The Good, Bad and Ugly of Working in a Family Business


The Ellis Seeds family. From left: Simon Ellis and his wife Amanda and son Lincoln; Megan, Karen, Andrea and Warren Ellis.

Successfully navigating the pitfalls that are unique to family enterprises can reap great benefits for everyone involved.

We all know the saying, “You can pick your friends, but you can’t pick your family.”

And for many people, the idea of working with family members would solicit a resounding response of “No, thank you!”

However, for others, they wouldn’t have it any other way. Simon Ellis is one of these individuals. As owner and sales manager at Ellis Seeds, a fourth-generation family seed retailer in Wawanesa, Man. (54 km southeast of Brandon), he says, “Working with family is very rewarding.”

Ellis graduated from Assiniboine Community College in Brandon in 2013. It was at that point he assumed more responsibility at his family’s company.

“I currently work with my dad and mom, who are slowly stepping back from the business,” he explains. “My role has reached a point where I am making the majority of the business decisions. I focus on developing new business relationships, logistics, and running day-to-day tasks with help from our employees.”

In 2015, Simon’s wife Amanda joined Ellis Seeds and is responsible for the financial and administrative side of the business. Recently, her father also came onboard, bringing with him many years of sales and management experience.

“Our family is very fortunate in that everyone can communicate with each other very well,” says Ellis. “There is a trust that you wouldn’t find with other employees. The biggest challenge is the fear of damaging a strong family relationship; businesses can be stressful during challenging times. It is important to remember everyone wants what is best for the family and business.”

This is the same belief that has endured for nearly a century when Ernest Ellis (Simon’s great-grandfather) started Ellis Seeds in 1923. At that time, Ernest shipped grass seed across the prairies because of the need to provide a quality product and produce productive land. Since then, Frank (Ernest’s son) took the reins, followed by his son, Warren, who is Simon’s father.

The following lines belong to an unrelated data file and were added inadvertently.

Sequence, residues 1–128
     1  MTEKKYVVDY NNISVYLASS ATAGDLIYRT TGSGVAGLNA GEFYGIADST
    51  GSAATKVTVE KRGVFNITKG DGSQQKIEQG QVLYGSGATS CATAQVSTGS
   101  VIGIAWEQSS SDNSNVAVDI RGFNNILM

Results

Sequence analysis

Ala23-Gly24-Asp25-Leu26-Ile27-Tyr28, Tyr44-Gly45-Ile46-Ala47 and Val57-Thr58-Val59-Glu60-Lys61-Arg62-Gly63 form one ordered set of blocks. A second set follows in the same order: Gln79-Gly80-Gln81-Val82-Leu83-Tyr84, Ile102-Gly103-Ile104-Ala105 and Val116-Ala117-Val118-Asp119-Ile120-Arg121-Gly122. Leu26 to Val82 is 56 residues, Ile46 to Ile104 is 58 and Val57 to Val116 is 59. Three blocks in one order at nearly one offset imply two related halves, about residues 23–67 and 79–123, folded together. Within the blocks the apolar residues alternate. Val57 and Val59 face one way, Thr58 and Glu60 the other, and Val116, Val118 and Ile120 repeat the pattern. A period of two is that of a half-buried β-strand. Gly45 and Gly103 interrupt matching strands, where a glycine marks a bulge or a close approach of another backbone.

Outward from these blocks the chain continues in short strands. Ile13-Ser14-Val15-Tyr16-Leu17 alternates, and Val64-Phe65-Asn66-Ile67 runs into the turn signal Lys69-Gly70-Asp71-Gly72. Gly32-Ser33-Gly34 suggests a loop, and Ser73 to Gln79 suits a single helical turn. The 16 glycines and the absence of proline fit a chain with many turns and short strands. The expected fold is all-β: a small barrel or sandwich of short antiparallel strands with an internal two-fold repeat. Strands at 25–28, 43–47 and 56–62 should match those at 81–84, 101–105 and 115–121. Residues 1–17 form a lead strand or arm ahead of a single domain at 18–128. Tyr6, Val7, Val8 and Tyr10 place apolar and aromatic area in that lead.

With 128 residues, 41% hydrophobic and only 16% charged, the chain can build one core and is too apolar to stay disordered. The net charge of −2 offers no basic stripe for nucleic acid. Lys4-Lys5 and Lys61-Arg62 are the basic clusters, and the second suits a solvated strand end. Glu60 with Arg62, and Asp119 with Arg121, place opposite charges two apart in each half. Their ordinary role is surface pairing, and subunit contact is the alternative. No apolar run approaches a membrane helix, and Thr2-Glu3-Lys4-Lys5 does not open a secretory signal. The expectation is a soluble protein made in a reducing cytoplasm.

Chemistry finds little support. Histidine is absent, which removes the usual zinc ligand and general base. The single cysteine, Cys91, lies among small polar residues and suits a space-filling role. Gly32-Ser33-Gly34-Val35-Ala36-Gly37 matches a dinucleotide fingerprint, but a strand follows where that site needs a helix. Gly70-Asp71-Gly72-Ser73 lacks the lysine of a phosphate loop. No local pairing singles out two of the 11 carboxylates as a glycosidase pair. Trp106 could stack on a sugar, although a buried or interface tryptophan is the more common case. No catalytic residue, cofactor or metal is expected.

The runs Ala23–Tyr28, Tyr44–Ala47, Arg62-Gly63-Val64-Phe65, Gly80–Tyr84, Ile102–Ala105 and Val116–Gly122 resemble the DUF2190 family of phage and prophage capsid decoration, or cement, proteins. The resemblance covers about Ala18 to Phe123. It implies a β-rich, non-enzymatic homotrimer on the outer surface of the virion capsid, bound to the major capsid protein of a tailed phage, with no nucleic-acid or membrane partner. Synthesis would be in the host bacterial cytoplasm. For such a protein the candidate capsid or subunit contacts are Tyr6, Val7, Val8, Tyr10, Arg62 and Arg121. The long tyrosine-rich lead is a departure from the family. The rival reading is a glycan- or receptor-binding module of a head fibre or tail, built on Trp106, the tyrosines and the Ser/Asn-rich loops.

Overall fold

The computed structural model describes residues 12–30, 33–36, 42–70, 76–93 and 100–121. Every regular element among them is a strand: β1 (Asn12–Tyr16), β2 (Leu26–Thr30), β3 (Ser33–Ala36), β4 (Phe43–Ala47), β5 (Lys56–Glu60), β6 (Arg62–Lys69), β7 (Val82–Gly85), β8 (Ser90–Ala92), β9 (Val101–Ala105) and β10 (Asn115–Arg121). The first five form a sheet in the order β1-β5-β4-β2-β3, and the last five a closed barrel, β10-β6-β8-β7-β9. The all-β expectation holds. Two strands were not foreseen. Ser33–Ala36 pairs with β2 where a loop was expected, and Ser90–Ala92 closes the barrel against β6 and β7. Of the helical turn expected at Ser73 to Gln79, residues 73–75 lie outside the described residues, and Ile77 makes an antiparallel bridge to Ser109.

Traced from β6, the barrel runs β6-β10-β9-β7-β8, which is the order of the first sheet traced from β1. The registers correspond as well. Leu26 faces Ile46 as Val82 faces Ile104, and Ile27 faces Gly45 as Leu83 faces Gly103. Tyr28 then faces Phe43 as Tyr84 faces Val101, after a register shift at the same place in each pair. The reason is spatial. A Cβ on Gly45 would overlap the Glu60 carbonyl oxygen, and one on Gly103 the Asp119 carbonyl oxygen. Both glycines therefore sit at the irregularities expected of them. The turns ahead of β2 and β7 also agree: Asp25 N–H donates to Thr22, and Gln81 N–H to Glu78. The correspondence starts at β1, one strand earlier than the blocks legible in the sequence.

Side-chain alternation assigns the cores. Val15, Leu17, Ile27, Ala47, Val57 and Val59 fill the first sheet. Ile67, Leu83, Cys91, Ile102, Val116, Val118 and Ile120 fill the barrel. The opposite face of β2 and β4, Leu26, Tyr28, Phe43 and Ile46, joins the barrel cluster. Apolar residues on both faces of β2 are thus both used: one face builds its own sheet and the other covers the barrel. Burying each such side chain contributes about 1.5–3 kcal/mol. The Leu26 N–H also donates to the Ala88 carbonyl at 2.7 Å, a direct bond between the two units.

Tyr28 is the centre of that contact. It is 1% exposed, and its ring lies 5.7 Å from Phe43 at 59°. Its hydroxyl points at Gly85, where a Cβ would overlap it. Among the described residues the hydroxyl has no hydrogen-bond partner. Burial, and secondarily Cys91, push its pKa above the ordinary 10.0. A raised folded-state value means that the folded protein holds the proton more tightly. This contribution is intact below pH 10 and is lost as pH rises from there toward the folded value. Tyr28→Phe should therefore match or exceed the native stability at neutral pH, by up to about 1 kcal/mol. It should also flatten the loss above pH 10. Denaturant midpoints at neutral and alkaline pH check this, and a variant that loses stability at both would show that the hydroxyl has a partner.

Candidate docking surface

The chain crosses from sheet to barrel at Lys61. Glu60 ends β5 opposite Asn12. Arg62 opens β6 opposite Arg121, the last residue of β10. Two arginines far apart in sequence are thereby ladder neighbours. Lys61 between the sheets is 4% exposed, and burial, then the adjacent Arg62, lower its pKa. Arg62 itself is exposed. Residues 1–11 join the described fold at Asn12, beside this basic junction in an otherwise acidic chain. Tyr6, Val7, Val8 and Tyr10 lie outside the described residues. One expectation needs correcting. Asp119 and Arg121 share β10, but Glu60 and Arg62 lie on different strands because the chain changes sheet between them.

“We take pride in that our product has flowed through all four generations,” says the younger Ellis.

Need to Communicate

However, the journey has not been without its challenges, which is why he says communication is the most important thing you can do to navigate working in a family business.

“Express your concerns before they build into something bigger, and continually express gratitude to your family members for supporting you and the business. They are working hard to support you, and if a mistake is made, it was a mistake and there are more important things in life.”

Richard and Marian Stamp and family, who operate Alberta’s Stamp Seeds.

Have Some Compassion

Rick Stamp is the owner and patriarch of Stamp Seeds, a family owned and operated pedigreed seed farm in Enchant, Alta., located approximately 77 km northeast of Lethbridge.

“Working with family is the most envious position to be in, when each person and — in turn — the family as a group, can figure out how to make it click,” says Stamp. “On the other side of the coin, this can be the very worst position to be in as a family, as many family operations do not survive, and this can ultimately break families apart.”

It was back in 1979 that Stamp decided he wanted a career in farming. Prior to this, he had gone to college and became a steam engineer, but realized that wasn’t what he wanted.

“It was a great learning experience, but I then had a chance to purchase two quarters of land. I applied for a beginning farmers loan from AFSC, which I was able to secure,” he recalls. “In hindsight today, I was very ill-prepared, with a lack of business knowledge and no capital. But what I did have was a lot of ambition, the ability to dream, to learn every day and, at the same time, was not afraid to put in the hours to make it happen.”